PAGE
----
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Molecular Plant Pathology

Molecular Analysis of High-Level Streptomycin Resistance in Erwinia amylovora. Chien- Shun Chiou, Department of Botany and Plant Pathology and the Pesticide Research Center, Michigan State University, East Lansing 48824-1312; A. L. Jones, Department of Botany and Plant Pathology and the Pesticide Research Center, Michigan State University, East Lansing 48824-1312. Phytopathology 85:324-328. Accepted for publication 8 December 1994. Copyright 1995 The American Phytopathological Society. DOI: 10.1094/Phyto-85-324.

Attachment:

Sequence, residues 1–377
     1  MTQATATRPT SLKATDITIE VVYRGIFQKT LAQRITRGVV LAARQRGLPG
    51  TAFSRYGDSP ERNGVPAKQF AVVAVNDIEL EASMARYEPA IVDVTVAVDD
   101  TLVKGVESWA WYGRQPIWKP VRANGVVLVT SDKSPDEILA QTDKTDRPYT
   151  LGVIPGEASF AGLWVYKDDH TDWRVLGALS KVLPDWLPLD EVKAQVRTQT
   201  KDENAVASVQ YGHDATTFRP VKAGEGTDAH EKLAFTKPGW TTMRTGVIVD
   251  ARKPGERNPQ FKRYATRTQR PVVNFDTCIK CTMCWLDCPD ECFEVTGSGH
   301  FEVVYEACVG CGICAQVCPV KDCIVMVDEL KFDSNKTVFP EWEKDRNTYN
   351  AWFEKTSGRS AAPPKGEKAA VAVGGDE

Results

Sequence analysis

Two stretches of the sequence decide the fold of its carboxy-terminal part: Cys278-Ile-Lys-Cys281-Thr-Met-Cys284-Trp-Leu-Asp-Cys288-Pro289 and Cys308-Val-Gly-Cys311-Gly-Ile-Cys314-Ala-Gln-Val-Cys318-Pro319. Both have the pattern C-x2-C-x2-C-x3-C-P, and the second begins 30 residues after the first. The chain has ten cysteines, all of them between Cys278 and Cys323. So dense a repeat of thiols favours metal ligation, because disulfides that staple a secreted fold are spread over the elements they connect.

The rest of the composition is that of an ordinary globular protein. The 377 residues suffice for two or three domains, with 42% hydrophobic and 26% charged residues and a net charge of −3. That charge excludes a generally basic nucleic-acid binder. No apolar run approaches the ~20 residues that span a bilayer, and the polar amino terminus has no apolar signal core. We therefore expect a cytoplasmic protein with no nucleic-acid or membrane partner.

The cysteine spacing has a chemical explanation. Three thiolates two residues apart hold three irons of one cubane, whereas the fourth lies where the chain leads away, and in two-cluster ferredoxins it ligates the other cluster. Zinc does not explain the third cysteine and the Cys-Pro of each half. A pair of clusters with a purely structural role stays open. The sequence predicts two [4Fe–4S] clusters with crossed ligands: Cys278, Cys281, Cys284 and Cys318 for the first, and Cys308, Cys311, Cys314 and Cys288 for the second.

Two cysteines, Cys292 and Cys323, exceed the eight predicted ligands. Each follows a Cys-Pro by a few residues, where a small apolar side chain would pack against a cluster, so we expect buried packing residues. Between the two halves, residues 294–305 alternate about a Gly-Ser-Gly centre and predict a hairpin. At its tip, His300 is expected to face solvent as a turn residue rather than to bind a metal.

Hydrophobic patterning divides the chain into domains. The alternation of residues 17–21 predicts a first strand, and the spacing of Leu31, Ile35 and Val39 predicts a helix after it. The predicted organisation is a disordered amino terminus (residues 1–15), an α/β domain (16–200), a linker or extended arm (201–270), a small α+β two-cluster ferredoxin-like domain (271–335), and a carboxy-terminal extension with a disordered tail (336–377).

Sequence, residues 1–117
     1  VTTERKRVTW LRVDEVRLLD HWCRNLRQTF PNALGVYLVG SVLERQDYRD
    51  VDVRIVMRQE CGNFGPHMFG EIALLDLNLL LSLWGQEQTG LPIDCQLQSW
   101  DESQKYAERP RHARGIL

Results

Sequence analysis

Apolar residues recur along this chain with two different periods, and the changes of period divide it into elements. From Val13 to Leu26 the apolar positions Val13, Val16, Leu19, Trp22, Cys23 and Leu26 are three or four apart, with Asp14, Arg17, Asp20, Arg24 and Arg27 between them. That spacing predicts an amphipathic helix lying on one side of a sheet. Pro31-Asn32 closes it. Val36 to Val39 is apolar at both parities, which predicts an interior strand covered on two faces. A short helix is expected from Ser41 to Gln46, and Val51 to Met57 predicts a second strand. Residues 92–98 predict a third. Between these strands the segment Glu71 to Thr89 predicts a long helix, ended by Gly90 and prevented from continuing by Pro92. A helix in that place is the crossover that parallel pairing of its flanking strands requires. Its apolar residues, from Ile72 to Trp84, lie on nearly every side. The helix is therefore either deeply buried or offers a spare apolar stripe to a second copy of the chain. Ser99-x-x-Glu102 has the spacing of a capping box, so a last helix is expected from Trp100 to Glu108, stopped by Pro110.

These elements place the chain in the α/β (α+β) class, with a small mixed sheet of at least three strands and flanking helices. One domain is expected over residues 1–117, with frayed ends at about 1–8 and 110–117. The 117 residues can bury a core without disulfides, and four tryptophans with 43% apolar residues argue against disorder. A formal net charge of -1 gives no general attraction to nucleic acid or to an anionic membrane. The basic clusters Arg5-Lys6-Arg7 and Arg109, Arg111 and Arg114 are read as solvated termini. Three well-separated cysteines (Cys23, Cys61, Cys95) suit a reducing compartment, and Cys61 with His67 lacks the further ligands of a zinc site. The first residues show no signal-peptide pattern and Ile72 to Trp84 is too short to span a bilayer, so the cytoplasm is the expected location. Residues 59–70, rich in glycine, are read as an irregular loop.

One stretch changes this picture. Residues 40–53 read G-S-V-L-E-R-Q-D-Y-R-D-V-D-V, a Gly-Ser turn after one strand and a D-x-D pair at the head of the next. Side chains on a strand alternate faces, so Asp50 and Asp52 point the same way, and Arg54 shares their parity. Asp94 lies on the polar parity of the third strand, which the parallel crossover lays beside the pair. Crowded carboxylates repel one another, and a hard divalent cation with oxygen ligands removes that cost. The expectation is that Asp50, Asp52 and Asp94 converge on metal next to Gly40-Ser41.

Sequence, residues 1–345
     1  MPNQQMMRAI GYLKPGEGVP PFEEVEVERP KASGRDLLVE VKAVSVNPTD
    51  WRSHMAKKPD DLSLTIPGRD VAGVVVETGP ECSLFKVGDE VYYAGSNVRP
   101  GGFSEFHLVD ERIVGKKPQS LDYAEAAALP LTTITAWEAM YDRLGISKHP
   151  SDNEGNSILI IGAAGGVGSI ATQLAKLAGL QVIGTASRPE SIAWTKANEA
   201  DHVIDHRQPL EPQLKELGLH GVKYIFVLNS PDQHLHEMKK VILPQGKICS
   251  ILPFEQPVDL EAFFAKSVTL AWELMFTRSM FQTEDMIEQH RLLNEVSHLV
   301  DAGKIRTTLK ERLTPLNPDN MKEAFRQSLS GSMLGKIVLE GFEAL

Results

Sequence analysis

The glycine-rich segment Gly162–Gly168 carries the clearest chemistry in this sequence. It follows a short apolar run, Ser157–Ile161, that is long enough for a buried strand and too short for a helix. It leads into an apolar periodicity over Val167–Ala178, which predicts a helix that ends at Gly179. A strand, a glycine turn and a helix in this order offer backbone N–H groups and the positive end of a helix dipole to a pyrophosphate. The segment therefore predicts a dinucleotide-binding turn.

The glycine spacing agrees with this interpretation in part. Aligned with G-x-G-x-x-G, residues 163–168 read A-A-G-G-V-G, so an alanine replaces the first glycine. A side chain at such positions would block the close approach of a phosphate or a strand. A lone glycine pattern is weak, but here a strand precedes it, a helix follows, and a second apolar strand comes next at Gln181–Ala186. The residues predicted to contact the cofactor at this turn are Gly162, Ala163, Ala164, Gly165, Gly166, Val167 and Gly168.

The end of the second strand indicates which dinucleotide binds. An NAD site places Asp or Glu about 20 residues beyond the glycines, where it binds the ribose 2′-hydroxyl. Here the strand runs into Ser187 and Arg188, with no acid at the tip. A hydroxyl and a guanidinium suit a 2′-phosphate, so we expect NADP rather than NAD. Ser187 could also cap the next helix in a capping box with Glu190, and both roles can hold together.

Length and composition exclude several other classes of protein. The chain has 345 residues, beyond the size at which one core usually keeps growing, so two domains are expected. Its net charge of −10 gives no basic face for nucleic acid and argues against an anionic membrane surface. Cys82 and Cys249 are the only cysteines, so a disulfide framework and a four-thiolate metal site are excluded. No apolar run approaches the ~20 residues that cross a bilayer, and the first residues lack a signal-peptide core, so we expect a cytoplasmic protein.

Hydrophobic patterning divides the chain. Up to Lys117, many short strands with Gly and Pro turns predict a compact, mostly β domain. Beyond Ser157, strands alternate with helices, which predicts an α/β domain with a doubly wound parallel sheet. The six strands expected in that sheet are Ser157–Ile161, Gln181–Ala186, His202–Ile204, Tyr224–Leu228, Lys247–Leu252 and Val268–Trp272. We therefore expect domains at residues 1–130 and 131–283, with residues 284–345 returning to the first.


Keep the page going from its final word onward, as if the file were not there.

Streptomycin-resistant and -sensitive strains of Erwinia amylovora from New Zealand and five states in the United States were compared on streptomycin- and myomycin-amended media. Strains with high resistance to streptomycin (HR strains) were insensitive to myomycin, an antibiotic resembling streptomycin in its mode of action, whereas strains with medium resistance (MR) or sensitivity (S) to streptomycin were sensitive to myomycin. No mutations were found in the 16S rRNA gene of nine HR strains of E. amylovora that could account for streptomycin resistance. Nucleotide sequence and allele-specific amplification-polymerase chain reaction analyses were used to examine S, MR, and HR strains for mutations in the rpsL gene. All 102 HR strains of E. amylovora contained a single base-pair mutation in codon 43 of their rpsL gene that resulted in an amino acid substitution in ribosomal protein S12. Codon 43, which encodes lysine in S and MR strains, was converted to a codon for arginine in 96 HR strains, a codon for asparagine in three HR strains, and a codon for threonine in three HR strains. In gene complementation studies, sensitivity to streptomycin and myomycin was restored to E. amylovora and Escherichia coli HR strains with a plasmid carrying the wild-type E. amylovora rpsL gene. Conversely, resistance to streptomycin and insensitivity to myomycin in E. amylovora and E. coli S strains was restored only when the plasmid carried a mutant rpsL gene with the lysine-to-arginine substitution in codon 43. We conclude that mutations in a single codon of ribosomal protein S12 gene rpsL have resulted in high-level streptomycin resistance in E. amylovora. Two genetic bases of streptomycin resistance have now been identified in E. amylovora. These results indicate that the genetic mechanism determines the level of streptomycin resistance and the expression of myomycin resistance and that the presence or relative importance of the two mechanisms differs among various geographic regions.